HOT SPRINGS-The City of Hot Springs will be piloting a new weed control program this summer. Hot Springs residents can expect to see goats munching on unwanted plants in Chataqua Park and along Fall River from the River Street Bridge to Evan's Plunge.
The program is part of a new effort by the City to remove chemical herbicides from its weed fighting arsenal.
According to city administrator Kim Barbieri, the City hasn't purchased any chemical herbicides for 2019. The remainder of 2018's herbicides will be used and then the City will use industrial vinegar and goats, depending on the reception of the pilot program.
The goats being used in the pilot program belong to May Wichers.
Wichers has owned goats since 2015. She said depending on how many kids are born this spring, she could have as many as eight goats browsing the city properties as early as May 1.
Wichers started raising goats as a source of milk, cheese and meet. She proposed the browsing program to help get rid of noxious plants while expanding her herd's food sources.
According to Wichers, goats will eat a wide variety of vegetation but prefer weeds and woody plants like thistle, burdock, mullein and yucca.
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Many people think of goats as unruly, stubborn escape artists, but Wichers has her goats trained to browse untethered.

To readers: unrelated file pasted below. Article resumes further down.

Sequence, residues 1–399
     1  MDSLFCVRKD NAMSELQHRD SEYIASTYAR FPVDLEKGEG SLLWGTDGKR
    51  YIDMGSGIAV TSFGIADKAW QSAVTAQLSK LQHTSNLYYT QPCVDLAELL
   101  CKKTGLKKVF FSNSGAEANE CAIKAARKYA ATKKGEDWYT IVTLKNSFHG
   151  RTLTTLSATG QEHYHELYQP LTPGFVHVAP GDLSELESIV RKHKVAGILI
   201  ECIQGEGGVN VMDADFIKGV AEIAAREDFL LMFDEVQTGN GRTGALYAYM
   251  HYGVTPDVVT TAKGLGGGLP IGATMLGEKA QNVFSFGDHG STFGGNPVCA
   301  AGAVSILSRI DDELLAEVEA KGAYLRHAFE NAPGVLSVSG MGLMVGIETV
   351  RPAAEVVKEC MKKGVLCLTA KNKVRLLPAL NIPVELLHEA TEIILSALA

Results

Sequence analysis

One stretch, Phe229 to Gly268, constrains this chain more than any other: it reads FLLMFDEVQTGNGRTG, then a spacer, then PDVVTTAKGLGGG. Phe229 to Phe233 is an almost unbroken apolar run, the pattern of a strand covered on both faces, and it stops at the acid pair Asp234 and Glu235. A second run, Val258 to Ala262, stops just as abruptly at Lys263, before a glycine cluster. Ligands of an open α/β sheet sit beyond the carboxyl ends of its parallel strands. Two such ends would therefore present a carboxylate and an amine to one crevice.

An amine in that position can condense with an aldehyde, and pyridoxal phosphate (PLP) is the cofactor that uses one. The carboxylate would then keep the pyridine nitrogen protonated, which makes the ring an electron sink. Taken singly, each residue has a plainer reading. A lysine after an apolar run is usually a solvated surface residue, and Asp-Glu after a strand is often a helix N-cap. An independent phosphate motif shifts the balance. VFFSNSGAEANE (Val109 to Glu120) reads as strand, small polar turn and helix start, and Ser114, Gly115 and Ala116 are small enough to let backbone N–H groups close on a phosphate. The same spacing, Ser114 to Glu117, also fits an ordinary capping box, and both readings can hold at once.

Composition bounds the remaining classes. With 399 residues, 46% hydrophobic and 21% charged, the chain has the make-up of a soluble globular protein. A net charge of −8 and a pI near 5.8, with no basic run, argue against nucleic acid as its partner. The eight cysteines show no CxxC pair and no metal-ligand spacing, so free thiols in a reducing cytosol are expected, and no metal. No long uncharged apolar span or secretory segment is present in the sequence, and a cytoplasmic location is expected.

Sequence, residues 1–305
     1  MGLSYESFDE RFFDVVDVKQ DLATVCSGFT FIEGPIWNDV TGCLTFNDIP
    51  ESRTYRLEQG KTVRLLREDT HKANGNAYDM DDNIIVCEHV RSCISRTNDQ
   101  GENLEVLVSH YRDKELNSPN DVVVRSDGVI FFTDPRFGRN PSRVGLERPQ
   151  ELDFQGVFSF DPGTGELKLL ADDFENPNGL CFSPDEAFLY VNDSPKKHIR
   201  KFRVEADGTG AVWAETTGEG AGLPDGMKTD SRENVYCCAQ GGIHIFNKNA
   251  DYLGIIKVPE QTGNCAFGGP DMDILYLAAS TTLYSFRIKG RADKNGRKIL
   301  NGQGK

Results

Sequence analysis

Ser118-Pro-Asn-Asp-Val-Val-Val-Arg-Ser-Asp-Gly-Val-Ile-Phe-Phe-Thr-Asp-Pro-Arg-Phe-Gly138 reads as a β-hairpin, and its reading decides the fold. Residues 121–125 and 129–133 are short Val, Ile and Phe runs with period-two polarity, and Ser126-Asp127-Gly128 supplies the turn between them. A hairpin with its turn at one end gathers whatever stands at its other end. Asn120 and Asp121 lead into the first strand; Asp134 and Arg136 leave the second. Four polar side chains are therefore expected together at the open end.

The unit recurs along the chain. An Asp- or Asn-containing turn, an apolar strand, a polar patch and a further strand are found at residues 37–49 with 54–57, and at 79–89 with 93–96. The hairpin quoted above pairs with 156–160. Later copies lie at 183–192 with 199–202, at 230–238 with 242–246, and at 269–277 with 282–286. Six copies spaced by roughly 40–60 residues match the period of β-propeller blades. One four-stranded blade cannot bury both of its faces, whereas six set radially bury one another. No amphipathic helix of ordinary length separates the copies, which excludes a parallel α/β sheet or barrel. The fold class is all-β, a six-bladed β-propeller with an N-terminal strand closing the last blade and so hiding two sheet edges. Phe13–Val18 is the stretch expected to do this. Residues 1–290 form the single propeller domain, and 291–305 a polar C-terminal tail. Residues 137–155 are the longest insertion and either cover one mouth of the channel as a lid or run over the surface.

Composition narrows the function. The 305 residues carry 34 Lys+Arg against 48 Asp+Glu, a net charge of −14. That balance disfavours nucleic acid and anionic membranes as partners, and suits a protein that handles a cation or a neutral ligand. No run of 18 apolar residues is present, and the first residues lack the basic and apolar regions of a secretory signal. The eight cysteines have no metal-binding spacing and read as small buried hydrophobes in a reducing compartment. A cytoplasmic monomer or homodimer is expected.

Wichers said many of the problems people experience with goats is due to the goat's boredom while confined, "goats need to free forage, they are better behaved, happier and healthier."
When Wichers takes her goats for their daily "walk" near her home just north of Hot Springs, the goats follow her right out of their pen. When they get to a spot to eat, they stop and feed, but are generally within 20-30 yards of Wichers and within eyesight. When feeding time is over, Wichers walks back to the pens with the goats in toe.
If successful, Barbieri said she hopes to see the program opened up to more goat owners to cover more ground throughout the City.
In addition to weed control, goats could potentially used in fire mitigation. Goats preferential browsing habits tend to skew towards weeds and woody vegetation. Given enough goats and time, the underbrush on the hillsides surrounding Hot Springs could be browsed away, reducing the fire risk around the community.
Generally large numbers of goats are needed for fire mitigation, but communities throughout the West in states like Colorado and California are already using herds to get rid of flammable underbrush.